So to another successful campaigner, this time from Victoria. In over thirty years of racing to Hobart Bruce Taylor has achieved an extraordinary ten division wins with his various yachts named Chutzpah, run second and third on overall handicap and yet never managed to put the Tattersall’s Cup in his trophy cabinet.
Bruce is absolutely the go-to man for pre and post race analysis, sharing his experience and judgement freely and always with a healthy dose of dry humour (a useful trait in an orthodontist one imagines) and a stoic resignation that the wind gods simply don’t deal in just outcomes.
He oft quotes the phrase ‘you make your own luck’ although it’s hard to see where years of hard work, experience and endeavour have delivered what most of his fellow sailors would consider a long overdue overall handicap win in this race.
Before this year’s race Taylor had hinted that this might be his last race to Hobart and when asked yesterday if he would be back next year - as he wearily tied up Chutzpah on King’s Wharf in Hobart after another frustrating race - the answer seemed to confirm his pre race hints.
'Probably not unless this lot really want to put something together' said Taylor with a resigned smile, referring to his experienced crew, who include Taylor’s son Drew amongst their number and who reached Hobart on his 20th race.
It’s hard to believe that the tenacious Taylor will really settle for being the Ken Rosewall of this classic race and after all it was he who when asked in Hobart one year whether he would return the following year after another gruelling and cruel race full of holes (‘we found them all’) quipped,
'Right now not a chance, but come and ask me again later this evening when I’ve had a drink or two!'
Then there are those that have the race on their must-do list as a one-off, and few could be more happy for Warwick Sherman in that regard. After a long wrestle with non Hodgkins lymphoma Sherman has managed to seize the day whilst in remission and not only completed his first race to Hobart as skipper of Occasional Coarse Language Too, but impressively also won the highly competitive IRC Division 2 on handicap.
Asked in Hobart if he'd return for another tilt at the race an exhausted but contented Sherman was concise in his response,
'Nope, first one last one!'
At the other end of the race tally comes word as this is written of the retirement from ocean racing of 'Robbo' Robertson, owner and skipper of Lunchtime Legend. Robertson, for whom the word 'legendary' is an accepted prefix in the yachting fraternity, has just completed his 11th race to Hobart, rounding out his ocean racing portfolio with a win in Division 3.
'I'm ecstatic to come away with the divisional win in my final race' said Robbo, adding 'The crew did a great job and they are elated with our win.'
There are of course many multi-Hobart veterans who have quietly called it a day this year with little or no fuss, simply accepting the recognition and admiration of their family, friends and fellow crew members; but my final note is for one of the race’s real champions.
David Pescud, the skipper of Sailors with Disabilities has sailed to Hobart 21 times (or so the records say, although he himself insists it’s only 19!), but he first involved disabled sailors in this race back in 1994, when he heard a radio interview with a young paraplegic who said he wanted to race to Hobart. In the intervening years Pescud has taken numerous sailors with disabilities to Hobart and subsequently inspired some of their number to extraordinary feats.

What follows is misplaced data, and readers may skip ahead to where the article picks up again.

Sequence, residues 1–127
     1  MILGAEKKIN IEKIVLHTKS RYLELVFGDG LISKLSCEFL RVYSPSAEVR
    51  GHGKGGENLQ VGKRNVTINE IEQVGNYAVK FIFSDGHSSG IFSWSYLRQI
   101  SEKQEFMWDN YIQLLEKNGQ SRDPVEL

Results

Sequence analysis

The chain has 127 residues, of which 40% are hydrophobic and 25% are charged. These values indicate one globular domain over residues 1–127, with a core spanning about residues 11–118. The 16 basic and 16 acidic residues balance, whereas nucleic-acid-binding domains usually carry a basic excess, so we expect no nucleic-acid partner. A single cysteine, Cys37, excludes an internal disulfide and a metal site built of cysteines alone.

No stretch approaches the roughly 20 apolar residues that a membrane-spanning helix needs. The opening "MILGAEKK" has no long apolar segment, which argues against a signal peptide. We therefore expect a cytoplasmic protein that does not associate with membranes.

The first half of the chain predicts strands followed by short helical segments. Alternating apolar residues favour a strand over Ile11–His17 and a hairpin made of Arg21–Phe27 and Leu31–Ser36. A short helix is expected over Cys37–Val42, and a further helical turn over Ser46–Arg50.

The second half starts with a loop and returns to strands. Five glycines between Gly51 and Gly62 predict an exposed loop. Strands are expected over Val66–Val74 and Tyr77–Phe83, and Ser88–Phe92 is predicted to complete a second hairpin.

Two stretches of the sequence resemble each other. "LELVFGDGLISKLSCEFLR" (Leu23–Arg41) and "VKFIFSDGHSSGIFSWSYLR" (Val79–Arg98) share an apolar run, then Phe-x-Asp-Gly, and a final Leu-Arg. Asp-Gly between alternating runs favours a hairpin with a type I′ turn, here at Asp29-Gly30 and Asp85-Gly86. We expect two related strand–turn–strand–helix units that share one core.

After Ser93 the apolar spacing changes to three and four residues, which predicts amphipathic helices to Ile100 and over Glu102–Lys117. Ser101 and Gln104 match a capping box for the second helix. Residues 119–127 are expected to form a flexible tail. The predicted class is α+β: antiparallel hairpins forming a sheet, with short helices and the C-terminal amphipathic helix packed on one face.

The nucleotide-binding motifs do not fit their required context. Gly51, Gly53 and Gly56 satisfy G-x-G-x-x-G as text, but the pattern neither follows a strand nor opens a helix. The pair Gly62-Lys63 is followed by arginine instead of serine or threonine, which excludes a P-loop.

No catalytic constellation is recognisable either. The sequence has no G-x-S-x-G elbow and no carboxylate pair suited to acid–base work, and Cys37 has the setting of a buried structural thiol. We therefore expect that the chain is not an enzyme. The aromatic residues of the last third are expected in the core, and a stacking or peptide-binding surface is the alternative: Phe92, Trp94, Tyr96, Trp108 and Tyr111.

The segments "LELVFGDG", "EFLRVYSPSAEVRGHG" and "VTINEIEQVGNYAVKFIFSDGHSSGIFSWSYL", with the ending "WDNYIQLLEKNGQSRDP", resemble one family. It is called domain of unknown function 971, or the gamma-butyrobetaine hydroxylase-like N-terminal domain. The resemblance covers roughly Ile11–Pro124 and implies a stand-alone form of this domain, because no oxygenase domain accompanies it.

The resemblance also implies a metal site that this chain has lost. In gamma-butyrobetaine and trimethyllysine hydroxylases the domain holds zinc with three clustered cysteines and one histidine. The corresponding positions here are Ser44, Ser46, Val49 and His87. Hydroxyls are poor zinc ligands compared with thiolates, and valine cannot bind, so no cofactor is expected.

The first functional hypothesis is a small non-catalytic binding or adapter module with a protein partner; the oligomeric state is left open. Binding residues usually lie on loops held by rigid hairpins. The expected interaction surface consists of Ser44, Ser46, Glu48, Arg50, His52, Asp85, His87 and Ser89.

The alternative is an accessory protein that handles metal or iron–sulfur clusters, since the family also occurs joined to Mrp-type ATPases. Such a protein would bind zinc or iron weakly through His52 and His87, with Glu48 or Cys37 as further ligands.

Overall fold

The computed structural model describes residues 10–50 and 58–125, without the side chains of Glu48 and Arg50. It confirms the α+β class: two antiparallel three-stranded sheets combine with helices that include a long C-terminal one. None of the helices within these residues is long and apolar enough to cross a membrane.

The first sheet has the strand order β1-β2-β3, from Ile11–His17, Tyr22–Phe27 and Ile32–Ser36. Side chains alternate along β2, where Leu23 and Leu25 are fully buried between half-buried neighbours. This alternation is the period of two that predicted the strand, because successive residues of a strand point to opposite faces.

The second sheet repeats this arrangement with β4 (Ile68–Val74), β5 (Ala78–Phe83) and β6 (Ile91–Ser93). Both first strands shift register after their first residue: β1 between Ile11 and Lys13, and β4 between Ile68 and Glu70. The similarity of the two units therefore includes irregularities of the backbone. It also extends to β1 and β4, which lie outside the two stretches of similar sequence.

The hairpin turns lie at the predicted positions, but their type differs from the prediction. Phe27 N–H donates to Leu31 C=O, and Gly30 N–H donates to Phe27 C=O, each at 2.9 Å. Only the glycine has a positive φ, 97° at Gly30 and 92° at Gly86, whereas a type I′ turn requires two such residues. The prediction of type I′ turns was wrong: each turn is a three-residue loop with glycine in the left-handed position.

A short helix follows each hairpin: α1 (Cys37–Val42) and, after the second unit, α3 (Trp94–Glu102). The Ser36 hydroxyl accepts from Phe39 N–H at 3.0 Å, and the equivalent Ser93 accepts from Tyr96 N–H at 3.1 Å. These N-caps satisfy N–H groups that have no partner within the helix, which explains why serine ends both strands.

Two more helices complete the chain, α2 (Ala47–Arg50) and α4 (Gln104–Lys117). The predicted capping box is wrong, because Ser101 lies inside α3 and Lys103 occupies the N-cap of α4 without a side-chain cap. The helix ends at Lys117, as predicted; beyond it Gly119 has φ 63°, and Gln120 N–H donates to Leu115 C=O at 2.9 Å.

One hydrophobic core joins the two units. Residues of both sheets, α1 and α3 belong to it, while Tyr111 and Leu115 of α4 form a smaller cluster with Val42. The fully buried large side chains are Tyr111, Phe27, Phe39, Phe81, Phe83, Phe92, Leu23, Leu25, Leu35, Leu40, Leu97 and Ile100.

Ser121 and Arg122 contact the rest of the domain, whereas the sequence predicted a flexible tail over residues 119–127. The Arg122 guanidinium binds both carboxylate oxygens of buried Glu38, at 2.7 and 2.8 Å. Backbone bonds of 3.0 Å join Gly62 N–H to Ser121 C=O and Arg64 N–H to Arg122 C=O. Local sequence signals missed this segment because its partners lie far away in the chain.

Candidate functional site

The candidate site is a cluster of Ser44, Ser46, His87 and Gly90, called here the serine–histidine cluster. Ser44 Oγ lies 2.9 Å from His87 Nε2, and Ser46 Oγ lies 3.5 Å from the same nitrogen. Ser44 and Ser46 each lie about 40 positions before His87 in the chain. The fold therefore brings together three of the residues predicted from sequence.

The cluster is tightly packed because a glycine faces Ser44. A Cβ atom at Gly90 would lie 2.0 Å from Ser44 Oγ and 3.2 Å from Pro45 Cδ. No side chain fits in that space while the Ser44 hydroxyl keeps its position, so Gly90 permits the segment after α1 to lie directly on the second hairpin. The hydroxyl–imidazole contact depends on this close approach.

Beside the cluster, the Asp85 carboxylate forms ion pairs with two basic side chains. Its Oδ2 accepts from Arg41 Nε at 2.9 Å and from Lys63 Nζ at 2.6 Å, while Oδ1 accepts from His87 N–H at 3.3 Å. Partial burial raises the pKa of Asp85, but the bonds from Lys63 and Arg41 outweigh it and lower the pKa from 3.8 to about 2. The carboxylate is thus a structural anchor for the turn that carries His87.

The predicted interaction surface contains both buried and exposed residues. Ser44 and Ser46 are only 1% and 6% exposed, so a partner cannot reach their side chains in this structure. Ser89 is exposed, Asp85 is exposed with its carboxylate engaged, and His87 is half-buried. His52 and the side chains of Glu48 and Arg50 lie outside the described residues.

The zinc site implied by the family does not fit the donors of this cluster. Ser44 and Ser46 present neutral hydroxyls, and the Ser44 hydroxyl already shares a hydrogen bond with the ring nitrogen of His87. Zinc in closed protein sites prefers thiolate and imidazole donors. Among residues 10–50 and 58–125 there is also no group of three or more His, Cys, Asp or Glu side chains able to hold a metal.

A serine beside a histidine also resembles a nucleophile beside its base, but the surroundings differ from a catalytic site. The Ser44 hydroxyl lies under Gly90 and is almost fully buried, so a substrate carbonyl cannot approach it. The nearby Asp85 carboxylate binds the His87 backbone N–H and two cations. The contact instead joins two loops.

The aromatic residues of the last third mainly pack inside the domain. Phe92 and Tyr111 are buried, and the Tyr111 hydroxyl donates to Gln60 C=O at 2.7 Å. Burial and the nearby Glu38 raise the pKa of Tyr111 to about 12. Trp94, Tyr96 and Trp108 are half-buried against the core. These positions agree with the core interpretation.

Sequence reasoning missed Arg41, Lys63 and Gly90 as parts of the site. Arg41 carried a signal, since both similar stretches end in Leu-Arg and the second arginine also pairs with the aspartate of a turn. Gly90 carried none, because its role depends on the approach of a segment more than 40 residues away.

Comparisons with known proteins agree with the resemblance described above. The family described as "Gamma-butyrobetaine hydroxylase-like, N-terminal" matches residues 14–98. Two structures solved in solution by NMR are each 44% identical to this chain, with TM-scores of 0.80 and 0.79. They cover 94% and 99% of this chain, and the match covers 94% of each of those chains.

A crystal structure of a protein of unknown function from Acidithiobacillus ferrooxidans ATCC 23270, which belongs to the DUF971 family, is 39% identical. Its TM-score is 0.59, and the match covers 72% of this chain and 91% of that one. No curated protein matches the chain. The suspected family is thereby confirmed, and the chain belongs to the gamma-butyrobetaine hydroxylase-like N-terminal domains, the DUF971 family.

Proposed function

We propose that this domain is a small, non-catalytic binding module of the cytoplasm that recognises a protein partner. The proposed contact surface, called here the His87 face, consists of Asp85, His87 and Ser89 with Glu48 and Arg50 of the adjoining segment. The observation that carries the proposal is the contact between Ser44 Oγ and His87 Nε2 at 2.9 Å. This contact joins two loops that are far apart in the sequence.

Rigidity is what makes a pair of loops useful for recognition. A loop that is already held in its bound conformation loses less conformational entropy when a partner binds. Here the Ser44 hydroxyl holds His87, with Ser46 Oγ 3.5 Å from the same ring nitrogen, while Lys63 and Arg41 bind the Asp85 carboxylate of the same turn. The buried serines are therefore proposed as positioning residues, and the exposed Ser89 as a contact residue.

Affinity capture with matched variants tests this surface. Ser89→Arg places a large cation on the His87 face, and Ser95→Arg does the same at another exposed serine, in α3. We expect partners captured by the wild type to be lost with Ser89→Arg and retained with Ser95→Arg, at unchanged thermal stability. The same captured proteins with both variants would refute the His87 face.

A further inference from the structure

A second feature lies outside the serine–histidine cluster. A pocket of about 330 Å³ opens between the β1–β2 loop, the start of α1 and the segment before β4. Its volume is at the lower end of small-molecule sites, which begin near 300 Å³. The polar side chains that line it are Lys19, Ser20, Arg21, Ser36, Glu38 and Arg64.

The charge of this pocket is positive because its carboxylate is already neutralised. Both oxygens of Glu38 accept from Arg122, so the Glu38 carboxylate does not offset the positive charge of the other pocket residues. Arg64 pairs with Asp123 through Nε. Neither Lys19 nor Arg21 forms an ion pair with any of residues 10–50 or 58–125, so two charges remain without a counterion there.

Vinnie Lauwers is an Australian double amputee who sailed with Pescud in the late 1990s and subsequently went on to become the first disabled person to sail around the world non stop and unassisted in 2000. This year The Sailors with Disabilities crew included Paralympic sailor Liesl Tesch, who was introduced to competitive sailing when she joined Pescud in the 2009 race to Hobart. Tesch went on to win a gold medal at the London 2012 Paralympics with sailing partner Daniel Fitzgibbon.
Both Tesch and Lauwers represent the very thing that Pescud says we all need to understand about people with disabilities,
'People are people first and your disability is either part of your life; it owns you or you own it. The guys I sail with, they own their disability and I’ve been very fortunate that I’ve sailed with some of the most amazing people.'
It was these very qualities that helped Sailors With Disabilities not only complete the rugged 1998 race but most impressively to win the PHS Division that year.
Outwardly gruff at times, straight talking and with a no-nonsense personality Pescud is evidently a man with large heart. But with a farm that he and his wife manage needing more of his time and with a desire to focus on children with dyslexia (from which Pescud suffers) he has declared that his days as an ocean racing skipper are now over.
'Everything has to evolve' said Pescud in Hobart yesterday, 'it’s time for somebody else to take on the mantle ……..and this seems to me to be the appropriate time. I’ll still be involved with Sailors with Disabilities of course but no longer in my current role' Pescud added.
So there you have it, some fine sailors whom we may perhaps not see again amongst the crews and boats turning right at the Heads on Boxing Day in future years.
But then again, ‘never say never’ seems to be a commonly quoted preface to any announcements of retirements from this race.
The last word on this topic goes to one of the race veterans who has never mentioned retirement and who understands the siren call of this compelling challenge as well as any.
As I was hurrying down to Kings Wharf to greet the Holley’s at the end of their swansong race I passed Roger Hickman who asked who I was interviewing,
'Jim and Mary Holley' I replied over my shoulder 'it’s their last race', I added, heading out of earshot.
Hickman laughed and shouted down the wharf,
'It won’t happen you know. Tell them Hicko says we’ll see them down here again next year!'